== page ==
Commentary: Remembering the late Larry Miller and his dedication

I first met Larry Miller in 1990 when I was in high school and volunteered for his campaign for state representative from Shelton, Stratford and Trumbull.

The late Larry Miller

The late Larry Miller

In one of our first conversations, I asked him what his platform was, and he said: “I’m just a regular guy trying to make a difference. If I can help people’s lives in some small way, then that’s my platform.”

That summed up Larry’s humble, quiet dedication to our families during his 23-year career in the state legislature.

Larry passed away May 31, at 78 after a long bout with cancer. The loss will be felt most by those he loved the most — his wife of 54 years, Millie; his three kids, and four grandkids. He was such a phenomenal and loving presence in their family, and they were the center of his life.

But all of us in Shelton, Stratford and Trumbull will mourn Larry’s loss as one of our leaders.

 

Didn’t set out to be a politician

Larry was exactly the type of person you want to hold public office. He never set out to be a politician. Larry lived the American dream, starting and growing his own business.

He got into politics locally on the Stratford Town Council and planning and zoning committees, entering into state politics as a “second act” in his career as he sold his business.

 

Stem cell research advocate

Over his 23 years Larry had many achievements, but the one that stands out most is the one that defined his struggles and triumphs in the last 15 years — stem cell research.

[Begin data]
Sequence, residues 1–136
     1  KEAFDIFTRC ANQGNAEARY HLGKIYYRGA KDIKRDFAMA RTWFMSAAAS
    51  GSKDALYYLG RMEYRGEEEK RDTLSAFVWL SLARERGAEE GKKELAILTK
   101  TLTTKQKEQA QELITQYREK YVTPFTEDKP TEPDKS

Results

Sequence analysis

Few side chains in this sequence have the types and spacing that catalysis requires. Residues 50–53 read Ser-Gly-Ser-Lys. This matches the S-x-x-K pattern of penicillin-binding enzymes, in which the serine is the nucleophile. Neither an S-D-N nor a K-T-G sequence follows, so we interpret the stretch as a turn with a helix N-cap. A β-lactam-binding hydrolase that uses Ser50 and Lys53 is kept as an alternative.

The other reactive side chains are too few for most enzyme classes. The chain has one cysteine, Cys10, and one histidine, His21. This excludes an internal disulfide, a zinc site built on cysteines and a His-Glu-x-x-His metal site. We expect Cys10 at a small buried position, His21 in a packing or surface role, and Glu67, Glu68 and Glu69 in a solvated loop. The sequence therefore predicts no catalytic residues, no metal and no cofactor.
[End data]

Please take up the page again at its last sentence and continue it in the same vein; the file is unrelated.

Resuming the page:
I remember when Larry was first told he had cancer in the late 1990s that he thought he had two or three years to live, but that there was experimental treatment with something called “stem cells” that he was going to try.

Those treatments not only extended his life by 15 years, but rapidly became mainstream in cancer treatment. Larry worked with Gov. Jodi Rell to establish Connecticut’s groundbreaking $50 million stem cell research grant, and put a human face on the ability of scientific advances to help all our families.

 

Housing and environmental issues

At the state Capitol, Larry was known as a champion for both housing and environmental issues.

He was the leader of the annual fight against “8-30g,” the housing statute that allows developers to hold localities ransom in the name of affordable housing. Larry championed an alternative approach based on local control of zoning.

He also championed bio-diesel as a realistic alternative to traditional fossil fuels, and co-authored major bi-partisan bills for brownfield remediation and cleaning Long Island Sound.

 

One of the good guys

Larry was the last of a generation of leaders, including state Sen. Doc Gunther and state Rep. Dick Belden, who represented us all so well in the legislature.

Larry Miller represented the best of our country — a love of family, getting ahead through hard work, and bravely facing adversity. Connecticut lost one of the good guys. And I will miss my friend.

 

Dan Debicella is a former state senator from Shelton.

 

 

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